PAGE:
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Re: Integrate vs NIntegrate

  • To: mathgroup at smc.vnet.net
  • Subject: [mg89144] Re: [mg89129] Integrate vs NIntegrate
  • From: DrMajorBob <drmajorbob at att.net>
  • Date: Tue, 27 May 2008 07:13:31 -0400 (EDT)
  • References: <9489155.1211802216995.JavaMail.root@m08>
  • Reply-to: drmajorbob at longhorns.com

The fundamental theorem of calculus frequently does not apply when, as in  
your example, Integrate is free to return a Complex-valued function.

(A better question is why you put in all those extraneous stars to inhibit  
copy/pasting the code.)

Despite that, here's a slightly different approach where the FTC does  
apply:

q = -1/2; a = 0; b = 3;
h[x_] = (1 + x^3)^q;
f[x_] = Integrate[h[t], {t, 0, x}]

If[x >= -1, (x^3)^(1/3) Hypergeometric2F1[1/3, 1/2, 4/3, -x^3],
  Integrate[1/Sqrt[1 + t^3], {t, 0, x}, Assumptions -> x < -1]]

Res1 = N[f[b] - f[a]]
Res2 = NIntegrate[h[x], {x, a, b}]

1.65267

1.65267

Contrast that definition of f with yours:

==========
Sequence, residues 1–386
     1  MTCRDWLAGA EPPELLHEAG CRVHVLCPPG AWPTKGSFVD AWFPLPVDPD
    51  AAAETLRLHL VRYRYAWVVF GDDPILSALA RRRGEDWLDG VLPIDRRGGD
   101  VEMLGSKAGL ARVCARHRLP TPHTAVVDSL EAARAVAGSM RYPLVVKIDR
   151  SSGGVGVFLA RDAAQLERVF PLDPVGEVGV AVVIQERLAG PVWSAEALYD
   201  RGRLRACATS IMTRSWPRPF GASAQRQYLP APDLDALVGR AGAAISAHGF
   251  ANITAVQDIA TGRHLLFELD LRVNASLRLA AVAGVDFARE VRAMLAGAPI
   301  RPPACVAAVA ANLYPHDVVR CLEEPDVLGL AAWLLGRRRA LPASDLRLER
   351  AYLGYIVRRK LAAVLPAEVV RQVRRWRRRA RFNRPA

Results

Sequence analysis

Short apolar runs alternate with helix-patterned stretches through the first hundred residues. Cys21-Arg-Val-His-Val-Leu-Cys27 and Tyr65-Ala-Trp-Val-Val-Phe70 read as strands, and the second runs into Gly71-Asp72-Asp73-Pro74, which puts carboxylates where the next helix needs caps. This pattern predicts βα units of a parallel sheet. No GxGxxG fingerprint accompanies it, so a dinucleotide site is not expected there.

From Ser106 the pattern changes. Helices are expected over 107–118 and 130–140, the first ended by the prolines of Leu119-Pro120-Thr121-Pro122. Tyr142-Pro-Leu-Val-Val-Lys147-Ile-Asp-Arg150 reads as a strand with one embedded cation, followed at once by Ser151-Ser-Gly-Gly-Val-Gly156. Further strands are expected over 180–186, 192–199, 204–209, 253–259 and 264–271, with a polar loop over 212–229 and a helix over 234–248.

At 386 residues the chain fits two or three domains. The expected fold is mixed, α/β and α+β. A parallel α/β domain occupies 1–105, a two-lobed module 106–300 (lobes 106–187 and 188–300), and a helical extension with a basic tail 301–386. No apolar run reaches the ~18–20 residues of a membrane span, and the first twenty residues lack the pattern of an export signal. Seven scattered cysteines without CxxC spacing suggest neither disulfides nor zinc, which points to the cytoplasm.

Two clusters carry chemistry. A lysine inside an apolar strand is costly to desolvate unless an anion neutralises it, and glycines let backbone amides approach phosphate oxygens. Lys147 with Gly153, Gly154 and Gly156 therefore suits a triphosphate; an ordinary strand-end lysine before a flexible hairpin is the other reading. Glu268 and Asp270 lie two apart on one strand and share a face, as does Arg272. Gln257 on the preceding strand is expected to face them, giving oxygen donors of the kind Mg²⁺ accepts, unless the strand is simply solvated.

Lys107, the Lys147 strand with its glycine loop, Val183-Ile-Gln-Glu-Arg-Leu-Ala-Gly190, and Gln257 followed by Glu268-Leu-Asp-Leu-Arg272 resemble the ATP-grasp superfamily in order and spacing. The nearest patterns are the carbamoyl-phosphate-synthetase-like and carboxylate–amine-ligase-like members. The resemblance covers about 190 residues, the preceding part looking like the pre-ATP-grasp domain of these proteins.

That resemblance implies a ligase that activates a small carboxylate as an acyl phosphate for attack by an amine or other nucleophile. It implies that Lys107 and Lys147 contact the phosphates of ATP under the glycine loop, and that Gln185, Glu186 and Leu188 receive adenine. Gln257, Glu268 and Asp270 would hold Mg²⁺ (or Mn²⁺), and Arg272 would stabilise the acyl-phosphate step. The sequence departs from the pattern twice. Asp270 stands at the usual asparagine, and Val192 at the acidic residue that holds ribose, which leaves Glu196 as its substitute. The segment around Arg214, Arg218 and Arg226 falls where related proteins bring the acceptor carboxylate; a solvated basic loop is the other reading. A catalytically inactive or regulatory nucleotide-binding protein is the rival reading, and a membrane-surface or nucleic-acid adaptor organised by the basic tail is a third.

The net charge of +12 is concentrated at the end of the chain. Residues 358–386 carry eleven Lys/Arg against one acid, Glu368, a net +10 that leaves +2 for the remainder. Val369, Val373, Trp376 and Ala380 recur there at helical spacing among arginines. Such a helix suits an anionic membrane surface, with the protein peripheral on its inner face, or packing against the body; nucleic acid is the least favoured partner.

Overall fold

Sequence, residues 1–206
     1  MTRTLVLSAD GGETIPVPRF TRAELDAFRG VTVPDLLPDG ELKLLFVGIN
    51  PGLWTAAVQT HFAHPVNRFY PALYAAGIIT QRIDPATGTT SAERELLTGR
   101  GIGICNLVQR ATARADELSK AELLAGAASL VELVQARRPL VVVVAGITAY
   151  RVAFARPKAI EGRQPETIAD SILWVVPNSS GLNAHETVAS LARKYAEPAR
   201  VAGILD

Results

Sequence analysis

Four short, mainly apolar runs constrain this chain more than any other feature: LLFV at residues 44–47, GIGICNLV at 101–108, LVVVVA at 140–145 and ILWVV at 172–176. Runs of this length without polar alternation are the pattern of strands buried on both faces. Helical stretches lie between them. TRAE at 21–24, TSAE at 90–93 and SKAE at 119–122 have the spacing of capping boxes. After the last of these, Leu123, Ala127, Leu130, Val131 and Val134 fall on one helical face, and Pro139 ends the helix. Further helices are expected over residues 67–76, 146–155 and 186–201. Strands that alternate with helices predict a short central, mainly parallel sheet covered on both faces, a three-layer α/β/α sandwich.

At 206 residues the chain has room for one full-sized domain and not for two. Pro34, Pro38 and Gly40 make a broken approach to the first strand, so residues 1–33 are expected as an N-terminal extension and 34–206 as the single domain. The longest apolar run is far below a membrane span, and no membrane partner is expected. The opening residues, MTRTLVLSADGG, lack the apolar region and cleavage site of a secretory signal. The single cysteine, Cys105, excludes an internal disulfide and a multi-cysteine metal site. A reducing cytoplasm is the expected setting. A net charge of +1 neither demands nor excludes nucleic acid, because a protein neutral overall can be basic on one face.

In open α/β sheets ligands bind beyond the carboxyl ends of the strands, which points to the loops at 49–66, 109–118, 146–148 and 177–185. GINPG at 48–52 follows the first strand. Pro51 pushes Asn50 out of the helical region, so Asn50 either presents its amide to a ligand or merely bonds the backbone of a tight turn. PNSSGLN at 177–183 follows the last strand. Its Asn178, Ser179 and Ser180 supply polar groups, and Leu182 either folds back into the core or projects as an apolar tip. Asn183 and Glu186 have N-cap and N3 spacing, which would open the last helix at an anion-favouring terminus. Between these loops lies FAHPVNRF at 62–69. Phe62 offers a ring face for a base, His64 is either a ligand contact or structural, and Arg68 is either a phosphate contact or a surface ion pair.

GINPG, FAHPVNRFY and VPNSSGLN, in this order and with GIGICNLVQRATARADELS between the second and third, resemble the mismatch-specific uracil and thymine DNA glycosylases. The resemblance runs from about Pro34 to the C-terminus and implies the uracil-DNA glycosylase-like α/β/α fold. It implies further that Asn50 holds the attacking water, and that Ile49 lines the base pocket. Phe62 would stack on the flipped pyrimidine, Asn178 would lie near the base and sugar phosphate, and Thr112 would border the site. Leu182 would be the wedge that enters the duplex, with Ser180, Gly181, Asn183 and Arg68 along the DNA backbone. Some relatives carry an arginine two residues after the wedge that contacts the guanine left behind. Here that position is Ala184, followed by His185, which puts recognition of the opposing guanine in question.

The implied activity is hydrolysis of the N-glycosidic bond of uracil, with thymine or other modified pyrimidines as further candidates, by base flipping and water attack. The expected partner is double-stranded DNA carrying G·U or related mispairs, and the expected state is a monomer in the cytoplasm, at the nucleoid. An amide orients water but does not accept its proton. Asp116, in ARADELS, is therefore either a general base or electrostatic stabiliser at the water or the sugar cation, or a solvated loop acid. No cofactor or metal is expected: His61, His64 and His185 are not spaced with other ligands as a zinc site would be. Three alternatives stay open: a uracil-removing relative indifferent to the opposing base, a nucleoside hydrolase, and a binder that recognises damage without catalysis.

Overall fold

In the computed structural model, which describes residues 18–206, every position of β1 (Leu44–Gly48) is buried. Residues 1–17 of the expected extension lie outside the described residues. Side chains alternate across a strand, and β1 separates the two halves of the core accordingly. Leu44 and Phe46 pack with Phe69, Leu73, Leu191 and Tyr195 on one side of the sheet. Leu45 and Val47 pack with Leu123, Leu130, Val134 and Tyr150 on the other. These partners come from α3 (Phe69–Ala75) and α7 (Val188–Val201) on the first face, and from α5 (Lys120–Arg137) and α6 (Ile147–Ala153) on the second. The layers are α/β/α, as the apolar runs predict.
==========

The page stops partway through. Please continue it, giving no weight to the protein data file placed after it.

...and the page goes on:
Integrate[h[x], x]

(1/(3^(1/4) Sqrt[1 + x^3]))2 (-1)^(
  1/6) Sqrt[-(-1)^(1/6) ((-1)^(2/3) + x)] Sqrt[
  1 + (-1)^(1/3) x + (-1)^(2/3) x^2]
   EllipticF[ArcSin[Sqrt[-(-1)^(5/6) (1 + x)]/3^(1/4)], (-1)^(1/3)]

If you plot both versions from a to b (use PlotRange->All to be sure),  
you'll find that your version is complex on part of the range (between 2 
and 3), but mine is real.

Bobby

On Mon, 26 May 2008 05:23:35 -0500, Armen Kocharyan  
<armen.kocharyan at gmail.com> wrote:

> *q=-1/2; a=0; b=3;*
> *h[x_]=(1+x^3)^q;*
> *f[x_]=Integrate[h[x],x];*
> *Res1=N[f[b]-f[a]]*
> *Res2=NIntegrate[h[x],{x,a,b}]*



-- 

DrMajorBob at longhorns.com


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